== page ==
"Changed the Game" is a Yahoo Sports series dedicated to the women who are often overlooked, under-appreciated or simply deserve more flowers for their contributions to women's sports history.
These days, Peggy Oki can be found campaigning for the well-being of whales and dolphins through impactful environmental campaigns across the world. Forty-five years ago, she was an original and the only female member of the Zephyr Competition Team, a group of athletes who dominated the mid-70s California skate scene.
Born in Los Angeles, Oki was gifted her first skateboard at age 10 from her father. A “Black Knight” model from FedCo, Oki remarked in an interview with Cal Streets the Fred Flintstone-like rock wheels. She got her start skating around Dogtown, a popular neighborhood affectionately known as the birthplace of America's skateboard culture.
Oki began her tenure with the Z-Boys after youngest member Jay Adams approached her to join the squad. In 1975, Oki competed in her first national event, the Del Mar Nationals. It didn't take long for her to put the industry on notice, taking home top honors in the women's freestyle. You could argue she possessed a humble demeanor from the start, because even an impressive debut representing an all-boys side didn't elicit an arrogant personality.
"I was doing something that I really loved doing," Oki told Pop Sugar in 2019. "I didn't really think about, 'gee, I'm the only girl on the team, where are my girlfriends,' or anything like that. I was just doing it."
For Oki, skateboarding was a way of life. An opportunity to challenge her skillset while at the same time invigorating her love of motion.
"We were known to live a little bit outside the box, be a bit rebellious," she said at a TEDx talk in 2016. "While lots of kids were trying to figure out how to stay out of school, we were getting into them to skate the banks, and getting in to skate the pools, which led to our surfing style that was our trademark: vertical skateboarding, that led to what you see in today’s X Games."
Even though skateboarding is how the world was introduced to Oki, her actions decades later prove she was bound to make history outside of this sport.
Upbringings inspiring activism
Now 64 years old, Oki's competitive days are long behind her and she's become a major environmental activist.
Her parents escaped to the United States from Hiroshima, Japan during World War II, and the story of Sadako Sasaki would forever stick with Oki.
Sasaki was only 13 when she was exposed to radiation after a bomb was detonated in Hiroshima. Consequently, she was diagnosed with leukemia and while hospitalized, was encouraged by friends to fold origami cranes. A Japanese folk legend states that if you fold 1,000 cranes, the gods honor your wish. Armed with a desire to beat the illness, Sasaki began folding. She constructed 650 cranes before passing away. Sasaki's story has since been used as a metaphor for those advocating for peace and nuclear disarmament, and served as the inspiration for Oki's own non-profit.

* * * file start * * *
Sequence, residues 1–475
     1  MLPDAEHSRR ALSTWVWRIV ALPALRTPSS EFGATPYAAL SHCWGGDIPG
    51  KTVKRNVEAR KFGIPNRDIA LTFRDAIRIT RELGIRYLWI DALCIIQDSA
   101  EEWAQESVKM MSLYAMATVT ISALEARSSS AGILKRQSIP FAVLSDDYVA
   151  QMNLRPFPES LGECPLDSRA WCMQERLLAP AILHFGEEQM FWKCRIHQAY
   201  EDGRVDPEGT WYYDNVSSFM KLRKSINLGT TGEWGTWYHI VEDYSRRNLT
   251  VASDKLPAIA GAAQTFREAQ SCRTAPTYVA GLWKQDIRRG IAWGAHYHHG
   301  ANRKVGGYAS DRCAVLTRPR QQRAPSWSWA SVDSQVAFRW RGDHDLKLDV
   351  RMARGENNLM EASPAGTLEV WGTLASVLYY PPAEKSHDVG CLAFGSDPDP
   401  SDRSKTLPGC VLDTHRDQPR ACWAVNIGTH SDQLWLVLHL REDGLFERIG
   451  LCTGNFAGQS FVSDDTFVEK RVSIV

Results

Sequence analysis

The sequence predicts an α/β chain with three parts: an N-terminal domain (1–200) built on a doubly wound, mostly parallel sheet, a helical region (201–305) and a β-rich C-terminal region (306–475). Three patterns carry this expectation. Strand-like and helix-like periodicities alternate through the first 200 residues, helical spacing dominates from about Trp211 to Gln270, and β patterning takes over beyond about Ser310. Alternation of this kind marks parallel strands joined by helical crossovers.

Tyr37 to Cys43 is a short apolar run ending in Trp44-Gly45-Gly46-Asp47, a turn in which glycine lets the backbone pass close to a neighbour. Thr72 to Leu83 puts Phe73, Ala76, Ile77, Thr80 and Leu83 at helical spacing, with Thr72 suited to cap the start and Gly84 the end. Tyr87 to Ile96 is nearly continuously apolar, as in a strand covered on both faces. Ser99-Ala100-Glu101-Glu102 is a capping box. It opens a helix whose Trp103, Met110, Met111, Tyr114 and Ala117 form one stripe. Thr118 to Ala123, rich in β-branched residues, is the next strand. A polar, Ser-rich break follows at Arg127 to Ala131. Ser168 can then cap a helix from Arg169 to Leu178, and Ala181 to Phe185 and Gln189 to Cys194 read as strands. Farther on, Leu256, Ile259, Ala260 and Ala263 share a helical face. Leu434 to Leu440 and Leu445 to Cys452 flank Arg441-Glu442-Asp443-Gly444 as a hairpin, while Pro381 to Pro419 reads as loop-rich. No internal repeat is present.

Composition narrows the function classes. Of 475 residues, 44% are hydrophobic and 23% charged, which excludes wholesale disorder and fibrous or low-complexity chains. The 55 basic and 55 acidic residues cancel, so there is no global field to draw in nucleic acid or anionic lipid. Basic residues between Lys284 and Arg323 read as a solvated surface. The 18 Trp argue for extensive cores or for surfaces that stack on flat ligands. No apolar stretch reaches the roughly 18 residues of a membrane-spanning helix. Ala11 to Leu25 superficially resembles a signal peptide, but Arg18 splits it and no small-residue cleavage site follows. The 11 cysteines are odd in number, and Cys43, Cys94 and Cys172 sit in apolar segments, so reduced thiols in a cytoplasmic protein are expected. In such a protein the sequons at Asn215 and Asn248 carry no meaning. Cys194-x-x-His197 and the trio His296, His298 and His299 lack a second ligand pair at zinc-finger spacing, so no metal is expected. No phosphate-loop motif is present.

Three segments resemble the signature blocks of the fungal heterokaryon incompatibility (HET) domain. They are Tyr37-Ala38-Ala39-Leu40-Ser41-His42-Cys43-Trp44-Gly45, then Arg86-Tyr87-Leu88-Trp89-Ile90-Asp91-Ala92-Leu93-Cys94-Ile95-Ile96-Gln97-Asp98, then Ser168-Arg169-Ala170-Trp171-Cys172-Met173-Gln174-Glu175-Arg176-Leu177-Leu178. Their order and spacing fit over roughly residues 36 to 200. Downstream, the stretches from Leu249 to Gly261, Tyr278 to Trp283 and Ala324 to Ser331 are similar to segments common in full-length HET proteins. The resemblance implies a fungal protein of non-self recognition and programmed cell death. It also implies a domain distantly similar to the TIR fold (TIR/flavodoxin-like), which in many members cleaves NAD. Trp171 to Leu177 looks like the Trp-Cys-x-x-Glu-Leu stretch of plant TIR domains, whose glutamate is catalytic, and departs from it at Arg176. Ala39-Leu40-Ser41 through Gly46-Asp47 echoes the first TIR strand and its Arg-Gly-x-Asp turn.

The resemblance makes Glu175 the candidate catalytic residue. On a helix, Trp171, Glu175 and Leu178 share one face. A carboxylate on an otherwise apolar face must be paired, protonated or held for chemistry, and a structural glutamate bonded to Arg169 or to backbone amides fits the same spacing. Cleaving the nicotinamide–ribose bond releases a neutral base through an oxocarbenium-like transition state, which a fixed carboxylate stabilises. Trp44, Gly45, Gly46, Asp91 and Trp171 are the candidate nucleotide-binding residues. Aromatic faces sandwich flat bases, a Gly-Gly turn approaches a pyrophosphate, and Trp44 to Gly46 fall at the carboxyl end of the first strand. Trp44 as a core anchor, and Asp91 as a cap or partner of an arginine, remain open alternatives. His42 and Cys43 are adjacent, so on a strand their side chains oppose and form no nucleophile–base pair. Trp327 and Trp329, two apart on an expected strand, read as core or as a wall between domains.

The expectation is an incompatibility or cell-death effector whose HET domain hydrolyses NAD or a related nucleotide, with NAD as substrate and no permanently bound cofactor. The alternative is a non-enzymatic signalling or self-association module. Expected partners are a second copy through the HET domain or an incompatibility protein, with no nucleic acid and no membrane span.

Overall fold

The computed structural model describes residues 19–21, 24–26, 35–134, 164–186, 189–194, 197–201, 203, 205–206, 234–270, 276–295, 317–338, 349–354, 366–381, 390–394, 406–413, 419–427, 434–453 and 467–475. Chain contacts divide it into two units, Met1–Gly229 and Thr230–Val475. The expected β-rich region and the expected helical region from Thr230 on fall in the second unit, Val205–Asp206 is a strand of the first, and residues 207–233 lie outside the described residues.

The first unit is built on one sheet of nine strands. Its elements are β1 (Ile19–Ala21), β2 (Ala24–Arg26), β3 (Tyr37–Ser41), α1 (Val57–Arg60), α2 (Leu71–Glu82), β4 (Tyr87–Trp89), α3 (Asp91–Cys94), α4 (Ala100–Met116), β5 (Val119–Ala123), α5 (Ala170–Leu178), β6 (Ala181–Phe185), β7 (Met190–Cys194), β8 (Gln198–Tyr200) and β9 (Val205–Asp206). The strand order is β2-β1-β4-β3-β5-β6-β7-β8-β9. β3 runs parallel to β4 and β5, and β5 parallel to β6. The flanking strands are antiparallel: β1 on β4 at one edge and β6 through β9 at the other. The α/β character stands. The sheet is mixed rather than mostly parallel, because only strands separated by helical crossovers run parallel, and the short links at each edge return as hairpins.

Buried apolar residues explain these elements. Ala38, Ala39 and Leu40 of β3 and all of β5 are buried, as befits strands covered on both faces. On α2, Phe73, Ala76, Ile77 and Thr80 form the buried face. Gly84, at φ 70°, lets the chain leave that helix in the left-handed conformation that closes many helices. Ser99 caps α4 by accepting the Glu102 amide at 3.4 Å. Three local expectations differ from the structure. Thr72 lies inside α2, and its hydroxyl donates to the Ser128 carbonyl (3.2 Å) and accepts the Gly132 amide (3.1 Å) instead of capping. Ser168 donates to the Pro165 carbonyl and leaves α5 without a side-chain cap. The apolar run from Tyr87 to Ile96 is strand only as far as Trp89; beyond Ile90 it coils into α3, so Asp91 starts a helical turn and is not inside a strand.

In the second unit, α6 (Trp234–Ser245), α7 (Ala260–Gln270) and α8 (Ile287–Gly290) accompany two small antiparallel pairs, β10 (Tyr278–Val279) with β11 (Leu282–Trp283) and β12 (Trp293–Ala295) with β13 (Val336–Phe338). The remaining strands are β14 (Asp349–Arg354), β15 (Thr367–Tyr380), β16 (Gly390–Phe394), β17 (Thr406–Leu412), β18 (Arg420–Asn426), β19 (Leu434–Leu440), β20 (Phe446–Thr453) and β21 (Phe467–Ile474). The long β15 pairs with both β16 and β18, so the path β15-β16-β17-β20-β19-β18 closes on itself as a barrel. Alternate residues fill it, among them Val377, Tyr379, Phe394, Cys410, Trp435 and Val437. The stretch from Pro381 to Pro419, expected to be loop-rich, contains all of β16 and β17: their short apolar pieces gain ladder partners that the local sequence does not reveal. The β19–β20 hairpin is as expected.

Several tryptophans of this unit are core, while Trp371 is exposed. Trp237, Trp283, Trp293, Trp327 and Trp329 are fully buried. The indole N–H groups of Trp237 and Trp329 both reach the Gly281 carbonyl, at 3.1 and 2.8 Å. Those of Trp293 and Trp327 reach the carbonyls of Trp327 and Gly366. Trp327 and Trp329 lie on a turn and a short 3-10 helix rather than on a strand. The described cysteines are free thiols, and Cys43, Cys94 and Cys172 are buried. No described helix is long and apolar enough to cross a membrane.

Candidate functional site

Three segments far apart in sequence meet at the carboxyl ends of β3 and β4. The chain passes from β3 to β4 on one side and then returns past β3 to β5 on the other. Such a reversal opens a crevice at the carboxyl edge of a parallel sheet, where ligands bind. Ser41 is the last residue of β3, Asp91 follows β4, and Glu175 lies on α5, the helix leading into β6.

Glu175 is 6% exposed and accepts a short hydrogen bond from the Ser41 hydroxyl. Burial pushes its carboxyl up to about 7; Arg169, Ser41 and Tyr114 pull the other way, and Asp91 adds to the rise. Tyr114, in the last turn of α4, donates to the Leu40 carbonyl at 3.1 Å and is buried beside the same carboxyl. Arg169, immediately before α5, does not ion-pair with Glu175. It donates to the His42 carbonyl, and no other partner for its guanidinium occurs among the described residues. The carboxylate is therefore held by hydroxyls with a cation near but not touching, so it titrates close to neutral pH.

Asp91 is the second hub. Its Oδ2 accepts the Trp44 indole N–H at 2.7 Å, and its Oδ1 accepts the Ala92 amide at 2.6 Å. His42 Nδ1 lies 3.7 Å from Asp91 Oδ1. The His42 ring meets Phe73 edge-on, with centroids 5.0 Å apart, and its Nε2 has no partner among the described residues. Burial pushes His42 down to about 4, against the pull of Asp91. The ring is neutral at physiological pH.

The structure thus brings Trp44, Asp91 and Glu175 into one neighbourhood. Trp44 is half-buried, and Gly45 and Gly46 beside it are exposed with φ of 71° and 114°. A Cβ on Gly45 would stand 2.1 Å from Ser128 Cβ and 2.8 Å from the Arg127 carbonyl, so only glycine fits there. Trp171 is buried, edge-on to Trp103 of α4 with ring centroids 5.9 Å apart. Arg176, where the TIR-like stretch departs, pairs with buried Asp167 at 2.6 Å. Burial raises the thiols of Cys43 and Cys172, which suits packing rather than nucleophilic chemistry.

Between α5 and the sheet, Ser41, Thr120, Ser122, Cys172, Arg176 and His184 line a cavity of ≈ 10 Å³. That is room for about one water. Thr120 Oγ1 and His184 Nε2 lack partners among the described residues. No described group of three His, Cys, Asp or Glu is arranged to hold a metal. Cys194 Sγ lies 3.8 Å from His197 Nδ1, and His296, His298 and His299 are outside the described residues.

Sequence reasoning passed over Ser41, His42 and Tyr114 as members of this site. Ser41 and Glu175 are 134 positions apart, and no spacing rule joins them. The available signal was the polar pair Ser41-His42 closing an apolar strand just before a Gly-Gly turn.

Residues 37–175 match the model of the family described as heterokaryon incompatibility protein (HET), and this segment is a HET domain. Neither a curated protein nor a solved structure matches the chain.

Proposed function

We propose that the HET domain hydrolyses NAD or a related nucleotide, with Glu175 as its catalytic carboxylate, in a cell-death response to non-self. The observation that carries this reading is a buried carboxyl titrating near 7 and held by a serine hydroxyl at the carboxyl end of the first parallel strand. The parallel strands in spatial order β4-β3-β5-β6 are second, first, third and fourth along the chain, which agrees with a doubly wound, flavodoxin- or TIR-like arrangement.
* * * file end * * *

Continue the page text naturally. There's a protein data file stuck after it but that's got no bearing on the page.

Oki founded the Origami Whales Project in 2004 to raise awareness about whaling. Since then, she has developed a run of origami curtains shaped from 38,000 paper whales, which symbolize the total killed since the International Whaling Commission issued a suspension on commercial whale hunting in 1986.
Oki also harnesses the power of words to further support her mission. Her TEDx speech exemplifies that it only takes one person connecting with other passionate individuals to make a permanent difference in the world.
"Lots of people can have passion. You don’t have to be passionate about seeing whales and dolphins. It’s turning passion into action that can make a difference in the world. I never imagined that the Berlin Wall would come tumbling down. But some passionate people did.
"They took action and it happened. I never imagined that nations across the world would ban circuses from using wild animals. Some passionate people did, and it happened. I never imagined that with one remaining female New Zealand black robin left, that that species would be brought back from the brink of extinction. Some passionate people did, and it happened."
The future of skateboarding
More than 45 years since her debut, millions will see skateboarding on a worldwide level when the sport makes its Olympic debut at this year's Tokyo Games. Oki admittedly can't forecast the impression it will have compared to the more popular events like gymnastics or swimming. She does hope that individuals, perhaps more women, will feel emboldened to hop on a skateboard at some point in their lives.
"I'm not sure what it's going to do. I think it's going to spark some more curiosity," she said to Pop Sugar. "It will be interesting to see how many people, after seeing these things in the Olympics, are going to go, 'Well I'm going to go out and buy a skateboard.'"
As for her, Oki will keep continue finding a balance in what commands her life at the moment: rock climbing, art and of course, saving the orcas.